But it is not just the left that is guilty. Reporting on the right has often been irresponsible and inflammatory, to the point that I'm surprised we haven't seen more violent acts from those on the extreme right.

Consider what Alex Jones, founder of InfoWars, had to say about Hillary Clinton during the last presidential campaign: "She is an abject, psychopathic, demon from hell that as soon as she gets into power is going to try to destroy the planet. I'm sure of that, and people around her say she's so dark now, and so evil, and so possessed that they are having nightmares, they're freaking out."

And, adding in the former president, "Imagine how bad she smells, man? I'm told her and Obama, just stink, stink, stink, stink. You can't wash that evil off, man. Told there's a rotten smell around Hillary. I'm not kidding, people say, they say—folks, I've been told this by high up folks. They say listen, Obama and Hillary both smell like sulfur."

I'm aware that Jones is far to the right of the mainstream conservative media, but he is followed by millions, and his voice is just one of many on the right. And if InfoWars can blame the left-wing media for the wounding of Rep. Scalise, he and others on the right need to ask themselves what they are provoking with their rhetoric. Is it producing responsible disagreement or irresponsible action? More broadly, if someone who is already upset with the current ruling party watches CNN or Fox News, or reads blogs from the extreme left or right, will the rhetoric push them over the edge?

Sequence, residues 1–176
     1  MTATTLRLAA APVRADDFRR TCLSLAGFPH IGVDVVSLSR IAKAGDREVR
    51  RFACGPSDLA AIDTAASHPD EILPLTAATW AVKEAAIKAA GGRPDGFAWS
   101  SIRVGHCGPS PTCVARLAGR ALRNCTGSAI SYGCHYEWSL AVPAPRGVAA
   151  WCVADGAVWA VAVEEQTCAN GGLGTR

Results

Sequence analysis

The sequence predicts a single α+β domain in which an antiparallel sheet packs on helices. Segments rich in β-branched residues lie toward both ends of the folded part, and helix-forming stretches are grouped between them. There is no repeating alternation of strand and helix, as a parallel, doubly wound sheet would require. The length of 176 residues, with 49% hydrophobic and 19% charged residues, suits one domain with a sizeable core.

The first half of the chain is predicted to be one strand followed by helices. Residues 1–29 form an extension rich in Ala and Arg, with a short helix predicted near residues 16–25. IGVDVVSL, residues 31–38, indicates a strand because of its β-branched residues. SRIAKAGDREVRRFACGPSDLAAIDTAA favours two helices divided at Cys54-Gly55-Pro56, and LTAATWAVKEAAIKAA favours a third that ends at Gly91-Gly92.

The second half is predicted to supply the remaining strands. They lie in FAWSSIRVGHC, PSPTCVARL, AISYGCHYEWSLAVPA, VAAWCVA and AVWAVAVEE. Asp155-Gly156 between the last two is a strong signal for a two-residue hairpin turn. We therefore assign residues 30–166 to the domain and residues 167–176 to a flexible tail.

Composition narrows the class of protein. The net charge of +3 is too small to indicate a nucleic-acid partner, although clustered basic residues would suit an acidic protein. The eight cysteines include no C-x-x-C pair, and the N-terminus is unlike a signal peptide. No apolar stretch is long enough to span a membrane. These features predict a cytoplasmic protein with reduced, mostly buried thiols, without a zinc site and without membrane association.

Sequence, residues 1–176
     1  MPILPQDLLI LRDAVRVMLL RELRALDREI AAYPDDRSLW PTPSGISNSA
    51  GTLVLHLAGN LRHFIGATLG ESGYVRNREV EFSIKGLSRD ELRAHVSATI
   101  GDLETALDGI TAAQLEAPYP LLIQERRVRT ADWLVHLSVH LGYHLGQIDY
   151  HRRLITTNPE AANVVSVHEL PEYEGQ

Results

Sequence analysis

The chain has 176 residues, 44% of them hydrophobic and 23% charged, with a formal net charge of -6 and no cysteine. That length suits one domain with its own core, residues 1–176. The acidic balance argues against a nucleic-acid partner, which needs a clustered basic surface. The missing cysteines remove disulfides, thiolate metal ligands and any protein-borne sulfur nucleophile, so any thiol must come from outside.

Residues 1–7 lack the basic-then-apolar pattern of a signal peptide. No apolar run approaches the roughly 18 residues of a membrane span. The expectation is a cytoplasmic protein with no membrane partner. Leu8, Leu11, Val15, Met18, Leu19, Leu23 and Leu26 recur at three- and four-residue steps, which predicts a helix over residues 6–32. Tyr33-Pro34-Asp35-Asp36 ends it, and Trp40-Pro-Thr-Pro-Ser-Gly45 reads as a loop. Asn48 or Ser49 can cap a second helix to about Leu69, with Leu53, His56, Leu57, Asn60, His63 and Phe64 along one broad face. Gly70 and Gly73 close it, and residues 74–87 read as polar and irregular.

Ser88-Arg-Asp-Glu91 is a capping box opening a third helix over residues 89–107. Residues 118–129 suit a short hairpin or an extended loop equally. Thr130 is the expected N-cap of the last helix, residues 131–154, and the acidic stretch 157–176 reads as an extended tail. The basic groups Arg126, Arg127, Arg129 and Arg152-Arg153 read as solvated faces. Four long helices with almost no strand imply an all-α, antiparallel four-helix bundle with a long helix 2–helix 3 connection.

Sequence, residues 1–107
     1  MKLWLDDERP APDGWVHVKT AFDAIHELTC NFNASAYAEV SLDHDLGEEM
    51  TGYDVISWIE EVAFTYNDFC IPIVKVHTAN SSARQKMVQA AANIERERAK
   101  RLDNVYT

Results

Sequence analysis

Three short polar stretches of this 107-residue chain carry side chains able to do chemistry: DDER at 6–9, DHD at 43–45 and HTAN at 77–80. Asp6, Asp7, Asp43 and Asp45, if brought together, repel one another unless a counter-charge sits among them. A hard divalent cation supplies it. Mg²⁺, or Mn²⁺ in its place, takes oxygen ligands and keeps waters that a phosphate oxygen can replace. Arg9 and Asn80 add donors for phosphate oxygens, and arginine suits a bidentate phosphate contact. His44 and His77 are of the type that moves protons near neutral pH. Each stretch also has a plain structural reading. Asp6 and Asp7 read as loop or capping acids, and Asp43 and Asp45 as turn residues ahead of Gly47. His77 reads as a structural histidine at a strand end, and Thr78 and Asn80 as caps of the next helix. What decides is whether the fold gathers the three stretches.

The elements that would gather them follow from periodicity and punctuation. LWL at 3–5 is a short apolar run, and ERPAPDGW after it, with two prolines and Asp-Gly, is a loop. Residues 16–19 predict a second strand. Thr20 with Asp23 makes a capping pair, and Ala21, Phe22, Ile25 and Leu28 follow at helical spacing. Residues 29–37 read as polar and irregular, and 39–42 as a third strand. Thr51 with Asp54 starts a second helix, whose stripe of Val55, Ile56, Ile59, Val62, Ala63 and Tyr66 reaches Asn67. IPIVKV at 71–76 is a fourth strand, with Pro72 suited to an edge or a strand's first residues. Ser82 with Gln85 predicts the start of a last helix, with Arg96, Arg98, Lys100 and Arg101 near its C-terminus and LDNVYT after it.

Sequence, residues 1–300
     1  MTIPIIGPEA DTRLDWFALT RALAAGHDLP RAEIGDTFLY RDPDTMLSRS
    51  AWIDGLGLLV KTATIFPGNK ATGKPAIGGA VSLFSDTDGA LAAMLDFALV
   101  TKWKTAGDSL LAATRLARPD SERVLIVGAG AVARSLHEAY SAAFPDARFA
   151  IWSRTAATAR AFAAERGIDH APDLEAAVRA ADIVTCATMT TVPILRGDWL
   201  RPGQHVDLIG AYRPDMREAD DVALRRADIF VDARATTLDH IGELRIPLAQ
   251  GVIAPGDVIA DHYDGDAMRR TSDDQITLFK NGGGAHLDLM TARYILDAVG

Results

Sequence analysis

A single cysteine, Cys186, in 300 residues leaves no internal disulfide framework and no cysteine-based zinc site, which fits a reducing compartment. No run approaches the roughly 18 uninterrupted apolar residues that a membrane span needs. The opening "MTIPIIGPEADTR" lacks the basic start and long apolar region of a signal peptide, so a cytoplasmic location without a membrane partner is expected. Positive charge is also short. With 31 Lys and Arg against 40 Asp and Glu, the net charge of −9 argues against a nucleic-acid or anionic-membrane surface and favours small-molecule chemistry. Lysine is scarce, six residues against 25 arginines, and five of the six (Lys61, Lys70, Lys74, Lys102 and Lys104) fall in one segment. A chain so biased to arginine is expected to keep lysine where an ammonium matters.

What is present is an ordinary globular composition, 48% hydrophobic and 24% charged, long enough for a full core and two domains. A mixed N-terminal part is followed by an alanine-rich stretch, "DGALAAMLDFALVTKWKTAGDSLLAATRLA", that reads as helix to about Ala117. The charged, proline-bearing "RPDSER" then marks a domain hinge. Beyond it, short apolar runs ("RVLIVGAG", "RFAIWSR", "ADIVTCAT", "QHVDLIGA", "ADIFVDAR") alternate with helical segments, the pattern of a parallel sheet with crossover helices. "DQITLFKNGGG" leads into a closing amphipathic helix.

And it's not just the professional media that need to ask this question. On the day of the shooting I tweeted, "Today's shooting is a strong reminder that we in the media need to be responsible with our rhetoric lest we further provoke the unstable." In response, one man added, "'The Media' is now all of us. Don't underestimate your influence. Use your voice responsibly."

That's a word of warning to all of us. We need to think through the implications of what we post or tweet or record.

Every day on the radio I'm introduced as "your voice of moral, cultural and spiritual revolution," and over and over again, I explain just what we mean by "revolution." Not a revolution of violence or anger or hatred or intimidation, but a Jesus revolution. A revolution where we overcome hatred with love, evil with good and lies with truth. And I repeat this over and over because I know how easy it is to provoke people in the flesh, adding bad fuel to a wild fire. Can we not provoke people to life-giving action and to good deeds rather than to murderous hatred?

It's time we speak with greater responsibility, measuring our words carefully, considering the implications of our accusations and pushing people to constructive, rather than destructive action. The shooting of Rep. Scalise and his colleagues is a warning to us all.

 

Dr. Michael Brown (www.askdrbrown.org) is the host of the nationally syndicated Line of Fire radio program. His latest book is Breaking the Stronghold of Food. Connect with him on Facebook or Twitter.